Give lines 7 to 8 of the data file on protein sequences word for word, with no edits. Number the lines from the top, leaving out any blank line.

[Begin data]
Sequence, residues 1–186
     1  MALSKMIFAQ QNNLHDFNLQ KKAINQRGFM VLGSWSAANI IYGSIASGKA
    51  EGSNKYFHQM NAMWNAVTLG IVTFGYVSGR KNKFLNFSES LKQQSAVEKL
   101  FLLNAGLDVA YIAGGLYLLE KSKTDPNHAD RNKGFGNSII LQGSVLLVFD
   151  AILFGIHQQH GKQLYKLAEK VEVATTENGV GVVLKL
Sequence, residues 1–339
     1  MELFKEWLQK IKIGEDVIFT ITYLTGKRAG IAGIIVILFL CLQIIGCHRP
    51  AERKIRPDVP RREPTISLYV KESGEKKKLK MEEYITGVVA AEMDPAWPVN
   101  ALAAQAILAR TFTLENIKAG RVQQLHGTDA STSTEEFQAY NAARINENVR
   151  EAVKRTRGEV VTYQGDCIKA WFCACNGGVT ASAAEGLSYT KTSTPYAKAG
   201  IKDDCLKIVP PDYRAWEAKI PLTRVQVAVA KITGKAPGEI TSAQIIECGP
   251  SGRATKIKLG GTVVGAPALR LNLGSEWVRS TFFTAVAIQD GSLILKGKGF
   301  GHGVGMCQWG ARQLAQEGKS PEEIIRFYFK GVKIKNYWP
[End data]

     1  MELFKEWLQK IKIGEDVIFT ITYLTGKRAG IAGIIVILFL CLQIIGCHRP
    51  AERKIRPDVP RREPTISLYV KESGEKKKLK MEEYITGVVA AEMDPAWPVN